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TITLE
Horse Fair, Portree
EXTERNAL ID
QZP40_CARD_0264
PLACENAME
Portree
DISTRICT
Skye
OLD COUNTY/PARISH
INVERNESS: Portree
DATE OF IMAGE
1921
PERIOD
1920s
SOURCE
Highland Libraries
ASSET ID
32166
KEYWORDS
horses
ponies
Horse Fairs
crofting
Horse Fair, Portree

This unusual photograph was taken in Somerled Square in Portree on Skye in the early 1920s. It shows a horse fair or market in progress.

Horses were a vital part of crofting life on Skye until well into the 1930s. They were used carrying peat, pulling carts and providing transport on the rough tracks which crossed the island.

The traditional breed of Highland horse was the garron, a sturdy animal and particularly sure footed. It was well suited to working on the hilly land of the Highland crofts and later was very useful in the forestry industry for carrying equipment and supplies to remote areas as well as extracting timber. Smaller ponies were also kept by crofters for less arduous chores while stronger horses were borrowed from neighbours or shared to complete ploughing and harvesting tasks.



Somerled Square, the main civic space in the centre of Portree, takes its name from the 12th century warrior chief of the MacDonalds. The Courthouse, the solid building on the extreme right of the photograph, dates from 1865. It is one of several buildings overlooking the Square which were designed by the architectural firm, Matthews and Lawrie.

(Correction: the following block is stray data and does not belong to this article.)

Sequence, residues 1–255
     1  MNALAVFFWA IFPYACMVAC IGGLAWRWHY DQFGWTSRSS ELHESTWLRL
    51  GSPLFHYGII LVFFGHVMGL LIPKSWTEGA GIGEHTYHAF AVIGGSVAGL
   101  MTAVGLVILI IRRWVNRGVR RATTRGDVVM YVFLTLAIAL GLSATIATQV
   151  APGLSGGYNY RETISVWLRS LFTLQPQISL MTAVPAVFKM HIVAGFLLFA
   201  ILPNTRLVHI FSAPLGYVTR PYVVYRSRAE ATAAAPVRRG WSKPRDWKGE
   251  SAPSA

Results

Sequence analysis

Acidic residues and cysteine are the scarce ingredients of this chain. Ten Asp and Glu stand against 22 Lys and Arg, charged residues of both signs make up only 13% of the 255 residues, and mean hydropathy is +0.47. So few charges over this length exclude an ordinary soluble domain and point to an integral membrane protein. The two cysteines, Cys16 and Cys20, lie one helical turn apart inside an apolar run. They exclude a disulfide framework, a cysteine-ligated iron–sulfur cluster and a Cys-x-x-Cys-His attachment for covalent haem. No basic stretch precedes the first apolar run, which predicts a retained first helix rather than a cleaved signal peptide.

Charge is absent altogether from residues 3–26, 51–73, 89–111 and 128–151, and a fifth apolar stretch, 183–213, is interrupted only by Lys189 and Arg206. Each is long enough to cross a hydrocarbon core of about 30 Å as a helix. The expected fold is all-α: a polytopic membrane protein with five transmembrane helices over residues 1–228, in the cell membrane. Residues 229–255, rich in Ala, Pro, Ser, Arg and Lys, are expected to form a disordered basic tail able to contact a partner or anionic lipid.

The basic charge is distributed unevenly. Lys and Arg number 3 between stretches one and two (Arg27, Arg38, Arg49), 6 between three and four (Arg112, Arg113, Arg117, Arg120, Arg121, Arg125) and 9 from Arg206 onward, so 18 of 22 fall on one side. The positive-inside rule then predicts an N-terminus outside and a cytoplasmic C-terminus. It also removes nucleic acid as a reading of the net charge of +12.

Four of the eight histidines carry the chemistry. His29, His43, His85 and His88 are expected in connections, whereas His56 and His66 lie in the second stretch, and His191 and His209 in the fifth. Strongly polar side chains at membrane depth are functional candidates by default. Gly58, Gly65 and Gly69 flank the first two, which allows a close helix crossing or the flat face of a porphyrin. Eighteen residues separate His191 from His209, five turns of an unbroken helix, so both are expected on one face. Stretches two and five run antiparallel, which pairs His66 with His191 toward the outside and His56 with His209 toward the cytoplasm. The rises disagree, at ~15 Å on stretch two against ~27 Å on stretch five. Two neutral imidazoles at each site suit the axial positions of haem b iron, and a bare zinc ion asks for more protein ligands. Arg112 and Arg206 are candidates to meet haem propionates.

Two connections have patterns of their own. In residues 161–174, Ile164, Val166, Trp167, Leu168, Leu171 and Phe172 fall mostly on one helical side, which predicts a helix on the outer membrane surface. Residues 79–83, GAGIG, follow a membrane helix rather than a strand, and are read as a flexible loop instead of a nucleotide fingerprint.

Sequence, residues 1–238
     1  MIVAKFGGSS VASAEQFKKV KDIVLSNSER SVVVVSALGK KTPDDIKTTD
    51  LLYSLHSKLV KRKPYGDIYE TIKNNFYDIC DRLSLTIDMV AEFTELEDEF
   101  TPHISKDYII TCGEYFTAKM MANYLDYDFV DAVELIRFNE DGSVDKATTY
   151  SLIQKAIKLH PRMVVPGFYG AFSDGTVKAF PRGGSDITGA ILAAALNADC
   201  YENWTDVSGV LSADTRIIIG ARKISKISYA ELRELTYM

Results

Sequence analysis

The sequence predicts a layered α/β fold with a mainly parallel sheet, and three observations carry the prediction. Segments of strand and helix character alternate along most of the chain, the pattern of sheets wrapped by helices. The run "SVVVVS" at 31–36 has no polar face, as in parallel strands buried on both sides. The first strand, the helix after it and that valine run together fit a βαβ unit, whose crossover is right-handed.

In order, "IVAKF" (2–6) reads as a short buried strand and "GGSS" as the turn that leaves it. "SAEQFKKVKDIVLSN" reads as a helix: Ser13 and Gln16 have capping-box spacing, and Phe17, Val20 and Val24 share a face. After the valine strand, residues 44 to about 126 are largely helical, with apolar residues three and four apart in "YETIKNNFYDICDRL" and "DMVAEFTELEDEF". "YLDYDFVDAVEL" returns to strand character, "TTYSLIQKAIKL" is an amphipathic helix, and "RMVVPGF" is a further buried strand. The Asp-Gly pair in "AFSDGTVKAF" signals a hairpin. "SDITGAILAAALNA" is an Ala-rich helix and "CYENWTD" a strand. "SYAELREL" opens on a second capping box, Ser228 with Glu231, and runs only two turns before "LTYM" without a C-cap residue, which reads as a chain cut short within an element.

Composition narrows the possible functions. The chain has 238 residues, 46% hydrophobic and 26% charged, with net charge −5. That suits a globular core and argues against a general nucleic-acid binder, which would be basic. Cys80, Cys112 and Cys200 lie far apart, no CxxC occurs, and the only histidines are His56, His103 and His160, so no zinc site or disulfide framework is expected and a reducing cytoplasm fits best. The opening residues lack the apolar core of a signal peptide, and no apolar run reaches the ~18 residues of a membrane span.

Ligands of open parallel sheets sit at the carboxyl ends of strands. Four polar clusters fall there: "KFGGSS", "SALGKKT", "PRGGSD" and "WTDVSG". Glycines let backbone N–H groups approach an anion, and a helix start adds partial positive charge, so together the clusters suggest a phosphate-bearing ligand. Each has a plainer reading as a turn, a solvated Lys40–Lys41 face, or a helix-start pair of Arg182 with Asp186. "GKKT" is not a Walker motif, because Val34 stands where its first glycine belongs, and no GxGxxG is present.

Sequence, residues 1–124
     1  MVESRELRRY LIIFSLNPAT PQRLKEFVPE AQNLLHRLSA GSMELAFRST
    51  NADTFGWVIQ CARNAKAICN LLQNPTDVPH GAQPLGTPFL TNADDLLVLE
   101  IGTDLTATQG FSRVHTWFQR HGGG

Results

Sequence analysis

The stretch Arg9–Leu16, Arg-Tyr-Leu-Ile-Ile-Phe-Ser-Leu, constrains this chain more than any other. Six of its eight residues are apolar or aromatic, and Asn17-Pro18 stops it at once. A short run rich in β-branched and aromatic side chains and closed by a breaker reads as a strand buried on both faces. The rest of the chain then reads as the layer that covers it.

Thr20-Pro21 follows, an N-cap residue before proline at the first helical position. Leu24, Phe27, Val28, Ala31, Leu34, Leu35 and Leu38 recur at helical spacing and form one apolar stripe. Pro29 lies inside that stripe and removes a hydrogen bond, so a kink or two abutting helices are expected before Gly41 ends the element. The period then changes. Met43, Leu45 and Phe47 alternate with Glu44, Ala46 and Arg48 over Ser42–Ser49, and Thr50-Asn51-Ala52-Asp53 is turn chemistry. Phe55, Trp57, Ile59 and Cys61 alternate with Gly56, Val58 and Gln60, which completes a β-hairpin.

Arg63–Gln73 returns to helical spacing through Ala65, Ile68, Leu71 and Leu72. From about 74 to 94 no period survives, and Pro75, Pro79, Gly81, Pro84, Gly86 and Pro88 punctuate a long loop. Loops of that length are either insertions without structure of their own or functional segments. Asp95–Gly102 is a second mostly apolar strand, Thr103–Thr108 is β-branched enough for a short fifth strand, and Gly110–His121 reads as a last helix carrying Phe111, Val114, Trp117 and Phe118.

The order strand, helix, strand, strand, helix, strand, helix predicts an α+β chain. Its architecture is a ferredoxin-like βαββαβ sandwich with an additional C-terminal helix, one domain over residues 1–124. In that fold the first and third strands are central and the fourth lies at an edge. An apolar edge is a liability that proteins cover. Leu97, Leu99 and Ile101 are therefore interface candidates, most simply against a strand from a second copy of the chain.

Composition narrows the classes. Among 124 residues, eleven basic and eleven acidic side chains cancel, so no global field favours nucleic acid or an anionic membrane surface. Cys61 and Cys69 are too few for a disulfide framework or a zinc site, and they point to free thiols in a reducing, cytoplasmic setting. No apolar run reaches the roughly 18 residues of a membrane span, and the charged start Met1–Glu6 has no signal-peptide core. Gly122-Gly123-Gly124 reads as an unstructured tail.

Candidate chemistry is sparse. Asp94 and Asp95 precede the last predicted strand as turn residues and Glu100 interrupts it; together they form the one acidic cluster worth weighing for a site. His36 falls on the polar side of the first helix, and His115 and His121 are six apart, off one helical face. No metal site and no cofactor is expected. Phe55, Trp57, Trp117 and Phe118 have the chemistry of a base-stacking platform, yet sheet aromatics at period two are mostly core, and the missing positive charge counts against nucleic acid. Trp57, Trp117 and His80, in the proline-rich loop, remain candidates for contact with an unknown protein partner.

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Horse Fair, Portree

INVERNESS: Portree

1920s

horses; ponies; Horse Fairs; crofting

Highland Libraries

Highland Libraries' Postcard Collection

This unusual photograph was taken in Somerled Square in Portree on Skye in the early 1920s. It shows a horse fair or market in progress. <br /> <br /> Horses were a vital part of crofting life on Skye until well into the 1930s. They were used carrying peat, pulling carts and providing transport on the rough tracks which crossed the island. <br /> <br /> The traditional breed of Highland horse was the garron, a sturdy animal and particularly sure footed. It was well suited to working on the hilly land of the Highland crofts and later was very useful in the forestry industry for carrying equipment and supplies to remote areas as well as extracting timber. Smaller ponies were also kept by crofters for less arduous chores while stronger horses were borrowed from neighbours or shared to complete ploughing and harvesting tasks. <br /> <br /> <br /> <br /> Somerled Square, the main civic space in the centre of Portree, takes its name from the 12th century warrior chief of the MacDonalds. The Courthouse, the solid building on the extreme right of the photograph, dates from 1865. It is one of several buildings overlooking the Square which were designed by the architectural firm, Matthews and Lawrie.